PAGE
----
Coming Soon. Updated 5-8-2020

Native American name for fish? Native camp on the north side

The William Everett Tavern was located at what is known as Jocelyns Point, and later Leighton’s Point, which was a large 3 story house built about 1640. He was licensed to keep a tavern in 1649, and at that time there were 3 other Inns or Taverns, Mavericks, Emerys, and Jenkins. It was here at Everetts Tavern, that he courts of General Assembly and other town meetings were held. On November 16th 1652 residents of Kittery were effectively bullied into signing a submission to the Machassuets Bay Authoriy, to which was later contested by Gorges. While there is a plaque commemorating the historic event, it is believed the original location of the site may have been washed away by the Piscataqua. (3)

In 1638 (or 1635 as I’ve also read) Alexander Shapleigh, an agent of Ferdinando Gorges, sailed up the Piscataqua on his ship “Benediction” and landed in present day Eliot. He built the “Kittry House” which name was transfered from their manor in England. His faily hails from the Dart River, Kittery Point, Kingware Devonshire. In Eliot, their manor house, complete with kitchen, brewhouse, barn, and outbuildings, cellar, garrett, a total of two stories and 10 rooms. Before Kittery was a town, which was incorporated in 1647, most of the population lived in this area. (3)

Shapleigh’s interests were in the trading posts of Maine and New Hampshire, where he found a market for his goods sent over in his ships. His large interests in New England were looked after by the Treworgys and his son Nicholas, whose transactions in his name, with the depositions of servants, would make it appear that he was here at times when actually he was in England. [8]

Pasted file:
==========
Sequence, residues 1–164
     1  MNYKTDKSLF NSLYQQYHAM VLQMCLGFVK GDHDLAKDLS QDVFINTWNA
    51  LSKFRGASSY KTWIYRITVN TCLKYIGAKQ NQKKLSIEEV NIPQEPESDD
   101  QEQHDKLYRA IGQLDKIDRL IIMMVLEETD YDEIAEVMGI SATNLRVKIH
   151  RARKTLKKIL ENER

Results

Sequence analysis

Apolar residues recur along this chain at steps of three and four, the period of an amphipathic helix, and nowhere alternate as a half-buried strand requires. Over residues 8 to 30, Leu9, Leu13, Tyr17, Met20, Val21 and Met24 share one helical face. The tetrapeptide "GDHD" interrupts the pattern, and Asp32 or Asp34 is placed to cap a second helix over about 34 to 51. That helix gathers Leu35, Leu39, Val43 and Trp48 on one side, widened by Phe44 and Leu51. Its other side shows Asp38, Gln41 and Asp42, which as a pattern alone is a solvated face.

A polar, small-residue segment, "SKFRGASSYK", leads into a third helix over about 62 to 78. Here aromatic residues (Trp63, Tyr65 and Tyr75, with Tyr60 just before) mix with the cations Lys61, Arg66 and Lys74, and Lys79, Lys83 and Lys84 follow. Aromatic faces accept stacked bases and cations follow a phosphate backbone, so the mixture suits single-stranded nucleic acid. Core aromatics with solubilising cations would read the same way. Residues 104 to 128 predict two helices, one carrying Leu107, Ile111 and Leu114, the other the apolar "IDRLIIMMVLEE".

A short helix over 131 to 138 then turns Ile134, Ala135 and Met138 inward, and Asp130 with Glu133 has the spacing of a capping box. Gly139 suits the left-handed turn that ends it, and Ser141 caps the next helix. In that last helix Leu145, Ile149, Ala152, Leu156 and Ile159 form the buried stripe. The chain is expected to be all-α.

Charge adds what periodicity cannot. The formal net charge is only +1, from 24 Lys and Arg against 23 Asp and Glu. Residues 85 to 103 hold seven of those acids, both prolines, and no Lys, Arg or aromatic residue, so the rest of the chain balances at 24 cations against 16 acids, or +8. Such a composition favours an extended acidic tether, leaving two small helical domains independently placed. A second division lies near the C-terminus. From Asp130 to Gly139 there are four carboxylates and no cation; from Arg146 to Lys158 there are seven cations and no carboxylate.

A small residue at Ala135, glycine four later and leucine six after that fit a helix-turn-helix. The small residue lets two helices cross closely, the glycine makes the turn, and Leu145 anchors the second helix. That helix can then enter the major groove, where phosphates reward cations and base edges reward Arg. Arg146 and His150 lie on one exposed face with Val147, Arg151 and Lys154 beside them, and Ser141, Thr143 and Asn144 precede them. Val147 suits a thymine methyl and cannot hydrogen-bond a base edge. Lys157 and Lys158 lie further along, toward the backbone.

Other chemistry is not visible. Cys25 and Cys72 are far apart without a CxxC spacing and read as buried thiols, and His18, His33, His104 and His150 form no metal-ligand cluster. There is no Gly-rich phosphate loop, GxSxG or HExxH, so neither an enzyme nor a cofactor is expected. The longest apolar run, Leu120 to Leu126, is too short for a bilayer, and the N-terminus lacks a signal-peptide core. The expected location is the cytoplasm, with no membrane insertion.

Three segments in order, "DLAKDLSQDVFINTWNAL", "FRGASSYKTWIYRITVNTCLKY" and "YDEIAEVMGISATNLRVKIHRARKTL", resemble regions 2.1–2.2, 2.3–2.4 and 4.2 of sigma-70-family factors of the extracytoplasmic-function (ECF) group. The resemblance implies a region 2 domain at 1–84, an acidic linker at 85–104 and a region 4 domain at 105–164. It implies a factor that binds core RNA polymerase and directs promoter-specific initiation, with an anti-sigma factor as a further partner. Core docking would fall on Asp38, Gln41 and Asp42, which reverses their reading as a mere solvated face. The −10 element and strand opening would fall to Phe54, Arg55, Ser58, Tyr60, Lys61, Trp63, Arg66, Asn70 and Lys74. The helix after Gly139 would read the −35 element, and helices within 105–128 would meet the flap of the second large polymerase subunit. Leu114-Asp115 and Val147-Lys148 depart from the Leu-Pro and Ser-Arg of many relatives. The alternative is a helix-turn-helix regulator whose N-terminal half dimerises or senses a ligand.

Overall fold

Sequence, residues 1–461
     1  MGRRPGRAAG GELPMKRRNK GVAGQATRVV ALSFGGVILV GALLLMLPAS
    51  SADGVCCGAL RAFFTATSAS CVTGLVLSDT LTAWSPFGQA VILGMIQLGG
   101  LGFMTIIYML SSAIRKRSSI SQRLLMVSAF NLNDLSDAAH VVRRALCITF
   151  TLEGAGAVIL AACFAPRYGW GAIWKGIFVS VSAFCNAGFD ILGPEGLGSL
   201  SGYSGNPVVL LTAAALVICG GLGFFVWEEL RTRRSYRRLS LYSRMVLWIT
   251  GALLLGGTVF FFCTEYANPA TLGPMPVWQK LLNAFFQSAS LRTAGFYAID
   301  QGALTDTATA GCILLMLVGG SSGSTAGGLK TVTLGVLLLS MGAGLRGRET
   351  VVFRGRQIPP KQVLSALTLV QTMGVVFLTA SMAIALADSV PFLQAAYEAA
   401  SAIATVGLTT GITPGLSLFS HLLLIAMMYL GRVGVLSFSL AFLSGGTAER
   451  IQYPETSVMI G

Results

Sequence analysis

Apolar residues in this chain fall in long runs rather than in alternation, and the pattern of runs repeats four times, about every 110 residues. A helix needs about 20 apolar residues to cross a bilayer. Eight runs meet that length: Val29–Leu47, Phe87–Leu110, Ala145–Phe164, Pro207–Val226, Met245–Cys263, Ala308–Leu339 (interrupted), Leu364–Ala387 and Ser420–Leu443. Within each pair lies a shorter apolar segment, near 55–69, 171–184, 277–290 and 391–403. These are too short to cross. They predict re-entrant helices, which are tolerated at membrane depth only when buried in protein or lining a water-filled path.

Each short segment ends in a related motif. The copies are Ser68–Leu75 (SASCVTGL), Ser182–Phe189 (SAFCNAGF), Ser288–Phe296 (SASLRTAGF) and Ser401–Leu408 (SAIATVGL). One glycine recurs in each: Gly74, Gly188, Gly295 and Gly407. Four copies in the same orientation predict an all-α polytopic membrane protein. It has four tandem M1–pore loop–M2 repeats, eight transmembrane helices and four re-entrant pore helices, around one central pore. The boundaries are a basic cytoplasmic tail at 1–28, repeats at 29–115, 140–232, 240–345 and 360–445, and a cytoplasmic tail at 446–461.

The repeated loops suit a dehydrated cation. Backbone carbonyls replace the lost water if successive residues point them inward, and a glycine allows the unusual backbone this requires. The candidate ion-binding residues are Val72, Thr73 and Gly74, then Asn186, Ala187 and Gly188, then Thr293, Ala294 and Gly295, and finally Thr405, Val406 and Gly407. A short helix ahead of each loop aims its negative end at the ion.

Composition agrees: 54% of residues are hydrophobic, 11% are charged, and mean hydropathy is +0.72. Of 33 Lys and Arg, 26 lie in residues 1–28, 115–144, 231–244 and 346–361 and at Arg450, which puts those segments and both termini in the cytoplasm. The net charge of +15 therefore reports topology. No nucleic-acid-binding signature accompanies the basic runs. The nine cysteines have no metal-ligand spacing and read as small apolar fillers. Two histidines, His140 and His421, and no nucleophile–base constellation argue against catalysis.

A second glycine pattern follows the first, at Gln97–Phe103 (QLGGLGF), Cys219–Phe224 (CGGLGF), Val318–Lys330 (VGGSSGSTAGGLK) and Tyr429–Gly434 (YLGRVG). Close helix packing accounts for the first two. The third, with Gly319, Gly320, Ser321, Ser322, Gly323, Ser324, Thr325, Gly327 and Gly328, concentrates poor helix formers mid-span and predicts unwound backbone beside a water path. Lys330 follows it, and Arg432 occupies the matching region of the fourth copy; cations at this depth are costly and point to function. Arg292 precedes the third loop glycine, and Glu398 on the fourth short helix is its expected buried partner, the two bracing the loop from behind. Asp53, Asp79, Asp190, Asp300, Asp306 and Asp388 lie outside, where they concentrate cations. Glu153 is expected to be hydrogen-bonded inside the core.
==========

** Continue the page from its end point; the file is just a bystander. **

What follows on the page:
Alexander spent most of his time in England and his family here managed his estates. On 2 Apr. 1641 James Treworgy sold all of Alexander’s property in America to Mr. Nicholas Shapleigh, then of Kingsweare, son of Alexander Shapleigh for £1,500. The ordinary, warehouse and a small parcel of land was left in possession of Capt. William Everett who died soon afterwards. In 1652 67 acres of land was confirmed by the town to Nathan Lord, son-in-law to Capt. Everett. Another 20 acres were confirmed to the heirs of Nicholas Frost. Another 47 acres were granted to others due to overlapping boundaries to other grant holders leaving Maj. Nicholas Shapleigh with about 760 acres of land.

From an article in the “Boston Globe” it seems as though the first cup of tea made in this country was made at Kittery House.[11]

The William Everett Tavern was located at what is known as Jocelyns Point, and later Leighton’s Point, which was a large 3 story house built about 1640. He was licensed to keep a tavern in 1649, and at that time there were 3 other Inns or Taverns, Mavericks, Emerys, and Jenkins. It was here at Everetts Tavern, that he courts of General Assembly and other town meetings were held. On November 16th 1652 residents of Kittery were effectively bullied into signing a submission to the Machassuets Bay Authoriy, to which was later contested by Gorges. While there is a plaque commemorating the historic event, it is believed the original location of the site may have been washed away by the Piscataqua. (3)

Just north, were Sandy Hill Farm is, was part of the Shapleigh family and River Road used to be called Sandy Hill. John Shapleigh and son Nicholas was attacked by natives along spruce creek, near the Kittery Trading Post. Nicholas was killed and John was taken prisoner and ransomed.

“F” Represents Watt’s Fort, which was still attached to the land. The large house may be Hammond Garrison?
The Road between 1 and 2 is Varney Lane in Eliot.
The Road along 4-5-6 is River Road Eliot.
1- W. M. Everett 1640, WM Leighton 1656
2- Abraham Conley, Thomas Jones
3- Reynold Jenkins
4-Nicholas Frost
5- JNO. Leighton 1690
6- Church